Vol. 12, No. 2,856W - The American Reporter - March 18, 2006

California Recall

by Joe Shea
American Reporter Correspondent
Bradenton, Fla.

BRADENTON, Fla. -- Movie star Arnold Schwarzenegger and California's Lt. Gov. Cruz Bustamante - the lone statewide official to back Hollywood's secession last year - announced Wednesday that they both will join the race for the seat at the head of the Golden State's table now held by Gov. Gray Davis, the first statewide elected official to be the object of a recall in this century. Of course, the century's just begun - and so has this race.

Also joining the race on Wednesday was diminutive former child star Gary Coleman, who announced that he'll vote for Schwarzenegger, and Ariana Huffington, the distaff end of a failed marriage whose husband, Michael, now a gay man and former Congressman, may also decide to enter the race after spending a huge chunk - some $16 million - of his family fortune running in 1997.

With that stunning series of announcements, reality tv suddenly became synonymous with CNN Headline News. There was little else to talk or think about, even with the beginning of a new American military intervention in Liberia, the horrific bombing of a Marriott Hotel in Jakarta, an appearance by Kobe Bryant in court on rape charges, and another bad day on the stock market. Schwarzenegger's announcement also came U.S. Sen. Diane Feinstein, said to be the state's most popular politician. strongly condemned the recall and rejected thousands of pleas asking her to joing the race.

Did we mention Larry Flynt, the publisher of Hustler? Or Peter Camejo, who ran a distant third as a Green last time around and says he will run this time and yet may still endorse Ariana late in his own race?

And what if the Big One hits? California Democrats, who have become accustomed to controlling the tate's purse strings and legislature by shutting out the Republicans in every statewide race and gaining control of both the State Assembly and State Senate, could lose it all in one short, two-month campaign.

That's presuming, of course, that the California Supreme Court permits the election to go forward; they've promised to rule on all five challenges to the contest at the same time Thursday afternoon, leading some to suggest they've been struck with the same sweating, feverish, frenzied syndrome the rest of the state's politicians caught this afternoon.

Is it contagious? The American Reporter received an email petition last night asking for signatures to recall Gov. Jeb Bush, so it may be.

California is dead broke, and its debt is rated as junk. It has an $8 billion deficit and failure-ridden schools. Yes, it is beautiful; its mountains soar and slope in graceful arcs to Big Sur and the sea, and its movie stars and Malibu Beach surfers and whitewashed San Diego shoreline are the envy of the entire world that doesn't have to live there, paying $192,000 for a 450 sq. ft. hovel in a Hollywood slum. Reality smashes it's face against the mirror in California. It's all real even if none of it is. Even the smog is making a comeback.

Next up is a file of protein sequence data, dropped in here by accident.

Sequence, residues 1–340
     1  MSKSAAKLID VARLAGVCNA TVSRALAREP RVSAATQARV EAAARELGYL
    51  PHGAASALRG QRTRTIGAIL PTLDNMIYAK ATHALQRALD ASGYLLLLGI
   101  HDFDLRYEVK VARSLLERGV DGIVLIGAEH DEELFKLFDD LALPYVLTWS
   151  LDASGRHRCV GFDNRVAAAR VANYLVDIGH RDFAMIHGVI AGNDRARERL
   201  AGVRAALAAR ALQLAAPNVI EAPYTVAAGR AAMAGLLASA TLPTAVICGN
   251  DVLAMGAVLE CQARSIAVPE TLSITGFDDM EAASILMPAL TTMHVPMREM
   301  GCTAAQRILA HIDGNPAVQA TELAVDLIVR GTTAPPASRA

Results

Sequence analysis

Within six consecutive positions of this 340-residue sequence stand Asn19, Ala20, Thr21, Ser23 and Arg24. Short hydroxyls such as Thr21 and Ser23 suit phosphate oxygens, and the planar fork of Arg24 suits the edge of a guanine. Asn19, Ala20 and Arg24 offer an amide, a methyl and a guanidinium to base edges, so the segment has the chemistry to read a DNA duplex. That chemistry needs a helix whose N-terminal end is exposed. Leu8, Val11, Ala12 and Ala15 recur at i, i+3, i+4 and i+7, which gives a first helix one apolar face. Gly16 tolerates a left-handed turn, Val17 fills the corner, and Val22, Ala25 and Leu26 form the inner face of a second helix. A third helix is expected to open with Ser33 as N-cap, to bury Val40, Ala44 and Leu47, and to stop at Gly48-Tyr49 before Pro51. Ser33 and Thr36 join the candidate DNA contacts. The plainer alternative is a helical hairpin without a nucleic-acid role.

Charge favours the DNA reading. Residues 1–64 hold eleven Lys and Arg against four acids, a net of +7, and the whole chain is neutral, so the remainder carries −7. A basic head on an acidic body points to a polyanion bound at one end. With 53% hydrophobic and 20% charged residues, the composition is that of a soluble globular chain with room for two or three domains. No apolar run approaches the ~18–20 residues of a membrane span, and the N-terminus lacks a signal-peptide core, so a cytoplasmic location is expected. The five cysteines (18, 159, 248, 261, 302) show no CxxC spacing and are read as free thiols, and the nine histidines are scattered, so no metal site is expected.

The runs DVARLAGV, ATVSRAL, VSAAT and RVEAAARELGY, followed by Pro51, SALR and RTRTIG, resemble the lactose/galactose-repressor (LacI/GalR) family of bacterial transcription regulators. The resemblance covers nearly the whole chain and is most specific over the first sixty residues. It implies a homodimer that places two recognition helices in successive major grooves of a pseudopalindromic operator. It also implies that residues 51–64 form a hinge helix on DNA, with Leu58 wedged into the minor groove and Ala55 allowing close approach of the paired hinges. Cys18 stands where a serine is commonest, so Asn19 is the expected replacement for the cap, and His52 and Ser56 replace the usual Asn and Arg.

It is unclear if popular culture - that's the series of images we see on television and the jokes from Leno we repeat at work - has a breaking point. One assumes a certain sanity in national affairs, but no one assumes that in California's case.

If a single mind can go insane, it certainly seems possible that an entire culture can also go mad; give it enough reality smashes - wildfires, earthquakes, landslides and mudslides, insurrections, serial murders, Angelyne billboards and box-office bombs - and then stir it all up in a big way with a wild and crazy two-month show called "Who Really Wants to Be Governor?" and you really, really don't know. Think of "Hummer and Dumber," or Bruiser and Cruzer, or Flynt and Clint (why's he not running?) Maybe Gary Coleman and Angelyne can get married at the top of Los Angeles City Hall and then do that base-jumping thing - without a parachute. The State of California is.

The strangest thing about California is how many really good people there are there. All of the politicians we met - and that's most of them - are good, sensible, hard-working people who really seem to like and appreciate other people (except at election time). You can imagine what it would be like if they all joined the People's Party as we did in high school and worked everything out.

They're capable of it, but political money coming from so many sides has paralyzed them, and those that are still wiggling set stunned by their respective party organizations when they m,omentarily veer away from party lines. They are great people, and it is the greatest American tragedy of all that they are going down this very real and rocky path to political and social chaos.

Someone wrote a novel a few decades back about this kind of time in what was then a distant-future California; it made almost no sense in the '80s, but was a lot of fun to read. As the rest of the country watches - especially here in Florida, which received some 54,000 fleeing Californians with open arms last year - the state may be a lot of fun to read about, but the deadly serious science of political administration is a slab of bedrock in democracy, and when it cracks, we all fall though. Be careful, California; we love you.

Copyright 2006 Joe Shea The American Reporter. All Rights Reserved.

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